Ionizing radiation (IR) is a known human carcinogen. However, the precise molecular mechanisms by which IR induces cancer are very poorly understood. Recent major advances in generating immortal, but otherwise normal cell lines from a variety of specialized human tissues has now made possible the study of the genetics of stages in the development of IR-induced malignancy, using clinically relevant cell system. In this project, these techniques will be combined with advanced molecular cytogenetic methods and proven genetic complementation (i.e. functional) approaches to identify, map and isolate novel genes involved in the process of IR carcinogenesis. Human radiation-associated thyroid cancer cells will be investigated in parallel to in vitro generated tumour cells. A detailed molecular description of chronomosal instability mechanism driving IR-induced malignant development will also be provided.
Two main approaches were adopted to study the process of malignant transformation of human cells in which a causal role for ionizing radiation in the process could be confidently assumed. These were:
(i) the study of human cancers associated with radiation exposure, viz. thyroid cancers from Belarus and, from the clinic, secondary tumours that had developed in the radiation field following radiotherapy for an unrelated primary tumour, and
(ii) the development and molecular characterization of human cell culture models responsive to malignant transformation by IR.
With regard to the latter, we exploited the use of the gene (hTERT) encoding the catalytic sub-unit of the human telomerase (telomerase is activated during the development of 90% of all human cancers) to generate immortalized human cell clones, with normal chromosomes and growth characteristics, from clinically relevant tissues such as the human breast. Such cultures were then used as target systems for malignant conversion by ionizing radiation. Two cell culture models were established, one based on human breast epithelial cells, in which additional transformation events could be induced following exposure to gamma and X-radiation. Interestingly, the most effective treatment regimes were those involving multiple fractionated radiation doses. Exhaustive characterization of chromosome changes in cell lines transformed in this way revealed the presence of several common alterations associated with transformation (eg deletions involving chromosome-13 and gene amplifications involving chromosome-10) and a candidate novel oncogene was identified. Substantial progress was made in cloning two additional radiation-induced breakpoint-associated genes localized to chromosomes-17 and X, and in localizing specific genes involved in two further aberrations (chromosomes 3 and 11) identified in radiation-transformed human breast epithelial cells. Similarly, in thyroid cancers from Belarus, breakpoint cloning resulted in the identification of the gene involved in a critical cancer-associated chromosome translocation. Cytogenetic and molecular analysis of secondary radiation-induced cancers (following radiotherapy of the eye orbit for an inherited eye cancer) produced a number of novel results, including direct demonstration of the involvement of two tumour suppressor gene-inactivating alterations and the identification of a possible radiation-specific molecular signature. Collectively, these results shed much new light on the mechanisms by which ionizing radiation acts during the malignant transformation of human cells.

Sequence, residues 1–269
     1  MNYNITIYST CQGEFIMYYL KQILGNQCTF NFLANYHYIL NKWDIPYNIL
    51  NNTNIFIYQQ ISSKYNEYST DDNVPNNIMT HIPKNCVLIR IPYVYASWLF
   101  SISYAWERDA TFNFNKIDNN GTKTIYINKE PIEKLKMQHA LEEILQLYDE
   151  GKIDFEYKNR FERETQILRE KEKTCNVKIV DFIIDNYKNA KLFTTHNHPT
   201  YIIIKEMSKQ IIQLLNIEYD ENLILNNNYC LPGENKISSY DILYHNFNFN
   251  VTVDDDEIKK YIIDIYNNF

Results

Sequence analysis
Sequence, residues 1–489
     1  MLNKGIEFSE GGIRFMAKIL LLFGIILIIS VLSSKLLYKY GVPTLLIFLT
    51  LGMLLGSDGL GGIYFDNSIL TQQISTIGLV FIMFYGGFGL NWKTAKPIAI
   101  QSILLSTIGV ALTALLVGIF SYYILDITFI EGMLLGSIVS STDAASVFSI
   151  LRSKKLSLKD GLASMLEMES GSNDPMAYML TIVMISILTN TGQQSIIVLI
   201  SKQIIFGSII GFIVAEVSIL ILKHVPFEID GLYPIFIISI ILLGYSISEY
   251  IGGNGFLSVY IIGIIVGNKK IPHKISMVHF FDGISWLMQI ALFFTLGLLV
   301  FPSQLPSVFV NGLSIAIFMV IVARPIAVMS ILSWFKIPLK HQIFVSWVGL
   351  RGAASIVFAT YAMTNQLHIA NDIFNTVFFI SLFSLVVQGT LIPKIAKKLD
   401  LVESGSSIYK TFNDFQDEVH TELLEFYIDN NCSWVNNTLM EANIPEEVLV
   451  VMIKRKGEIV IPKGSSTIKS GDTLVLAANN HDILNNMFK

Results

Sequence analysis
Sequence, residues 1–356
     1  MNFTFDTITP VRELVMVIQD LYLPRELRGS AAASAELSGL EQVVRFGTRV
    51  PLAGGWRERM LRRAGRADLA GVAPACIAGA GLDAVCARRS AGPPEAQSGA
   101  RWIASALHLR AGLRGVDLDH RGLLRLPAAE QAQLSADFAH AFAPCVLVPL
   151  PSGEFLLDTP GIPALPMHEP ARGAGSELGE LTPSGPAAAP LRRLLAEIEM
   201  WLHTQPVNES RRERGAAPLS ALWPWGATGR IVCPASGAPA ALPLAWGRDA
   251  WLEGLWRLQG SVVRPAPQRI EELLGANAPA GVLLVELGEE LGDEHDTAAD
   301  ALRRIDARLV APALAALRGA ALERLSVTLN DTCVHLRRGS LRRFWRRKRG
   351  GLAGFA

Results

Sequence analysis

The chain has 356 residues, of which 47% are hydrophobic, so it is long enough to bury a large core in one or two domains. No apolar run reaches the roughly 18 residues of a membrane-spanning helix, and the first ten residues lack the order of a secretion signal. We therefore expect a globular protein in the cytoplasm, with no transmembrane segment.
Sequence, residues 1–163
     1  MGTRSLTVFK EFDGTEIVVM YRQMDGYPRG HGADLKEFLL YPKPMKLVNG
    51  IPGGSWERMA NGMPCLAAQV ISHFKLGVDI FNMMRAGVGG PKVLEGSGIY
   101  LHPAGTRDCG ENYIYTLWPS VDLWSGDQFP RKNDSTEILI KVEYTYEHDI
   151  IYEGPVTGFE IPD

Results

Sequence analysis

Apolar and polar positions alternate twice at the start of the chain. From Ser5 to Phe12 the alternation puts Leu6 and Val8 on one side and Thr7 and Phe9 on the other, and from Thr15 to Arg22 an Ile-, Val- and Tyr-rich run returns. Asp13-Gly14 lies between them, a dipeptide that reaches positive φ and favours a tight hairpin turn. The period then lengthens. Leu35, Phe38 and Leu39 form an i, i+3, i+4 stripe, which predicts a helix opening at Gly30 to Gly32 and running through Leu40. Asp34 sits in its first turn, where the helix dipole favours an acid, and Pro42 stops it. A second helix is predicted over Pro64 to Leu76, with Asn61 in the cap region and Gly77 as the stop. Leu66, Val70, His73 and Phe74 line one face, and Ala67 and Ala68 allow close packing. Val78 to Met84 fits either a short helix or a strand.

The identification of tumour suppressor genes central to the development of human breast cancer, an important tumour type in the context of ionizing radiation, produced two sets of major findings. First, the gene responsible for the tumour suppressive activity of human chromosome-1 in breast cancer cells (located in the frequently lost 1p35 region) was identified unequivocally as that encoding the epithelial-specific marker and growth suppressor 14-3-3 sigma; this gene was subsequently shown to be involved in our in vitro breast cell transformation system, suggesting a role in radiation-induced transformation. Second, major advances were made in understanding the genetics and molecular biology of telomerase repression in normal human cells (which must be overcome for human cancers to develop). We showed that the all-important repressor gene acts via transcriptional repression of the gene encoding a component of telomerase (known as hTERT) by a mechanism that involves repackaging of the gene. These results, recently published in high-impact journals, will be extremely valuable in facilitating the identification and isolation of the repressor gene itself, which we have recently been successful in locating to an extremely small region of normal human chromosome 3 (within band p21).
The importance of telomerase activation in radiation-induced cancer was determined in both in vitro (cell culture) and in vivo (genetically manipulated mouse models). In the latter, clear experimental evidence was obtained (resulting in a number of high-impact publications) that telomerase substantially enhances susceptibility to cancer induction, and that its absence acts to suppress tumour development. The role of telomerase in human epithelial carcinogenesis was established using cell culture models based on breast epithelial cells, and cultures derived from human head & neck cancers and premalignant conditions. The latter investigation identified loss of a key tumour suppressor gene (known as p16) and telomerase activation as co-operating early events in the immortalization process during cancer formation. In associated studies, additional molecular events that are likely to contribute to human cells immortalization were identified.
Funding SchemeCSC - Cost-sharing contracts
92265 Fontenay Aux Roses
2300 RA Leiden
KY16 9TS St Andrews